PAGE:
Puppies in Shibuya

Puppies in Shibuya at nite

Shibuya is an area that I avoid, especially on weekend nites. My husband describes this busy neighborhood as full of “horny hetero teens” mostly from outside Tokyo and aspiring to big city life. A recent dinner with work colleagues found me there until close to last train time.

Poking around, we saw this incongrous juxtaposition: back-lit photos of sleazy girls next to “Baby Doll” puppies. Were these innocent puppies a metaphor, a bait-and-switch, a euphemism of some sort?

Exploring closely, we discovered that the establishment to the left was indeed a strangely empty store with a dozen flat screens, and a few male customers perusing catalogues of ladies online. The proprietors steered clear of us. Next door at Baby Doll were some very pricey puppies and kittens. As in small live animals.

The husband found nothing surprising about this combination of sex trade and puppies. Apparently hostesses and other “water trade” specialists often purchase small animals late at nite in an effort to find genuine love and affection.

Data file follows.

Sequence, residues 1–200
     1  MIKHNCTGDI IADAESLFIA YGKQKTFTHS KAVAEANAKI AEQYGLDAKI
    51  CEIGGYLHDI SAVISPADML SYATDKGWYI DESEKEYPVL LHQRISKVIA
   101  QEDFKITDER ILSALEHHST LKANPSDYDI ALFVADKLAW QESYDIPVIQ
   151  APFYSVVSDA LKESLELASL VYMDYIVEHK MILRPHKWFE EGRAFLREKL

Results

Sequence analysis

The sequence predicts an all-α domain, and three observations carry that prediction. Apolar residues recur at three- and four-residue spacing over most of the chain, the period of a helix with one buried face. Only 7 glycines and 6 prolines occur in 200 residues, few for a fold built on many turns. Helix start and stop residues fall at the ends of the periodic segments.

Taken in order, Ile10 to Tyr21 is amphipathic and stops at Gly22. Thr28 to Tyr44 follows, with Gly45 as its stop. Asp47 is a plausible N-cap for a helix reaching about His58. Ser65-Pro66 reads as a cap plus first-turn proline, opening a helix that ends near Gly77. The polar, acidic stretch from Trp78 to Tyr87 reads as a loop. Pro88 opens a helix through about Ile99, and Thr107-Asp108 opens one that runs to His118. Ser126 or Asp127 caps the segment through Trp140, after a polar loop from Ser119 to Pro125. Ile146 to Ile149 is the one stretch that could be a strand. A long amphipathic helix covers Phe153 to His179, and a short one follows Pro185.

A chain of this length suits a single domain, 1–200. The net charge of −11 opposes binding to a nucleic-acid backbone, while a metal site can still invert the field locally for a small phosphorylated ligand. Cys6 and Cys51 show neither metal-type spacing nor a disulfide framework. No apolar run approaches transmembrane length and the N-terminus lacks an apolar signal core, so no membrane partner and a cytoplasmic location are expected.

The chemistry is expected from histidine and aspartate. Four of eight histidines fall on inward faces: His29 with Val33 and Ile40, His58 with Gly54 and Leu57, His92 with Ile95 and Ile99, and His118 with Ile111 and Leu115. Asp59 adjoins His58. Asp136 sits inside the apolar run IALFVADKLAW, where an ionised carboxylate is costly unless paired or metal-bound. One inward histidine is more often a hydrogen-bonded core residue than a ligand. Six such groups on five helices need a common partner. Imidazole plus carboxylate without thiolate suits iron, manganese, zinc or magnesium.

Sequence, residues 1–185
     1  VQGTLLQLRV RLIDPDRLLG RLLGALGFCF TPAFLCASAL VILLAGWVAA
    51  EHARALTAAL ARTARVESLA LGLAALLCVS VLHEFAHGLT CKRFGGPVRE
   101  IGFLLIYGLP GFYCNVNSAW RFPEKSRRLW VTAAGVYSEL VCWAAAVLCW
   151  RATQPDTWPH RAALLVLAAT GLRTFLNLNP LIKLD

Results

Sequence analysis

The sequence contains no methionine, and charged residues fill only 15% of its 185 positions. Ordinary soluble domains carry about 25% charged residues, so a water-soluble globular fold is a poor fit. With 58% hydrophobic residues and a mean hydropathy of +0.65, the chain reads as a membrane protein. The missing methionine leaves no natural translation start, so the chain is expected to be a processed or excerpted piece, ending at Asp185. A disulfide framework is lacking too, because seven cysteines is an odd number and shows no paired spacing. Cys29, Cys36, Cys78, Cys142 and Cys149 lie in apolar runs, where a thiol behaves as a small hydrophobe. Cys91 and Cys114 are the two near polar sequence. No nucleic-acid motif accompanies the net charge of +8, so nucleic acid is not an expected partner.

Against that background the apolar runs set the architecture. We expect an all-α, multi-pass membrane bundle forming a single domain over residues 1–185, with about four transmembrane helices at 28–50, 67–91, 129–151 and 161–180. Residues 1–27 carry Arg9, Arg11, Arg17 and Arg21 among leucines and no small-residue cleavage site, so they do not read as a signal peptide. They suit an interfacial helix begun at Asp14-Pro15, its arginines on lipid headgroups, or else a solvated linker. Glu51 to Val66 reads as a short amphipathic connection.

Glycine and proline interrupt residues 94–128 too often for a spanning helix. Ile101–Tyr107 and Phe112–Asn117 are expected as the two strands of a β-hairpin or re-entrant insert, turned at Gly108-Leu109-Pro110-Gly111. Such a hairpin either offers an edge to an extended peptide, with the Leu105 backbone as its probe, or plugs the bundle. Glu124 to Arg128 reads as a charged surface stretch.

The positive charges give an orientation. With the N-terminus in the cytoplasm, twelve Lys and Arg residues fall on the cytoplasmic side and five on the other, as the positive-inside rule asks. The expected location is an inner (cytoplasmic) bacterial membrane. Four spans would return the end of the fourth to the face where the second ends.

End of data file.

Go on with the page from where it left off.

In front of these stores, we were repeatedly approached by a good-looking young guy offering to take us to a place where he would show us photos of girls. My het colleagues were unimpressed by the special benefits of looking at internet ladies with him. His good looks and cute hair style made me inquire whether he dealt in men as well. No one got what they wanted!

Curiosity sated, I rushed towards the Yamanote train home. At the Shibuya JR gate, I was only half surprised to see the fluent-in-Japanese and stylish, bald European engineer who had introduced a prestigious lecture earlier in the week. He was walking unsteadily with a considerably younger Japanese lady, looking somehow lost or confused. So much for my idea of Japan having more dignity or “hinkaku” than the US. I could not get home quick enough.


  1. Haha, K. What indeed? This is one of Tokyo’s busiest commercial and entertainment districts. The crosswalk outside the biggest of the train stations is super famous for pedestrian spectacle.

    Normally I avoid it after dark, but some work colleagues invited me so I witnessed what I did not want to see.

  2. Kourosh – some Tokyo areas make Times Square before the cleanup look sedate. Now , of course, it is all Disney and wall to wall tourists (plus some parts of Broadway newly closed to traffic and equipped with plastic webbing lounge chairs, which is fun).

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